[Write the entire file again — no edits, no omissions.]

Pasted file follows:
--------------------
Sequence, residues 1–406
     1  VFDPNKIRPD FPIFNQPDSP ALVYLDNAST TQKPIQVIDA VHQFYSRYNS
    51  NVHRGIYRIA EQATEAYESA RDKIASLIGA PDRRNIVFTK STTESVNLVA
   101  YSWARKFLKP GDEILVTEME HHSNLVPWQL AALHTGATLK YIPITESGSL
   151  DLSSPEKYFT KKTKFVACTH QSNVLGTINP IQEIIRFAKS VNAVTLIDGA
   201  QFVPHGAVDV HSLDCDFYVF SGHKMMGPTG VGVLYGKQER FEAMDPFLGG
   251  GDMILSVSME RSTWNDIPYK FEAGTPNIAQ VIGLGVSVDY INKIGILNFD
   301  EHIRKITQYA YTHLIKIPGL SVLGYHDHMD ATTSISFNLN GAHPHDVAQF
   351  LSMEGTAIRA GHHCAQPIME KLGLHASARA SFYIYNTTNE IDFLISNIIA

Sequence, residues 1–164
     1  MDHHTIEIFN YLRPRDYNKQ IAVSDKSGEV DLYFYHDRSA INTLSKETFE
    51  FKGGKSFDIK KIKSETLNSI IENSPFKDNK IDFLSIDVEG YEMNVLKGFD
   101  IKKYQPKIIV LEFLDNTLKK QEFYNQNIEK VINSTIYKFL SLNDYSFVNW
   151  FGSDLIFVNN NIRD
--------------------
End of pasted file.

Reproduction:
Sequence, residues 1–406
     1  VFDPNKIRPD FPIFNQPDSP ALVYLDNAST TQKPIQVIDA VHQFYSRYNS
    51  NVHRGIYRIA EQATEAYESA RDKIASLIGA PDRRNIVFTK STTESVNLVA
   101  YSWARKFLKP GDEILVTEME HHSNLVPWQL AALHTGATLK YIPITESGSL
   151  DLSSPEKYFT KKTKFVACTH QSNVLGTINP IQEIIRFAKS VNAVTLIDGA
   201  QFVPHGAVDV HSLDCDFYVF SGHKMMGPTG VGVLYGKQER FEAMDPFLGG
   251  GDMILSVSME RSTWNDIPYK FEAGTPNIAQ VIGLGVSVDY INKIGILNFD
   301  EHIRKITQYA YTHLIKIPGL SVLGYHDHMD ATTSISFNLN GAHPHDVAQF
   351  LSMEGTAIRA GHHCAQPIME KLGLHASARA SFYIYNTTNE IDFLISNIIA

Sequence, residues 1–164
     1  MDHHTIEIFN YLRPRDYNKQ IAVSDKSGEV DLYFYHDRSA INTLSKETFE
    51  FKGGKSFDIK KIKSETLNSI IENSPFKDNK IDFLSIDVEG YEMNVLKGFD
   101  IKKYQPKIIV LEFLDNTLKK QEFYNQNIEK VINSTIYKFL SLNDYSFVNW
   151  FGSDLIFVNN NIRD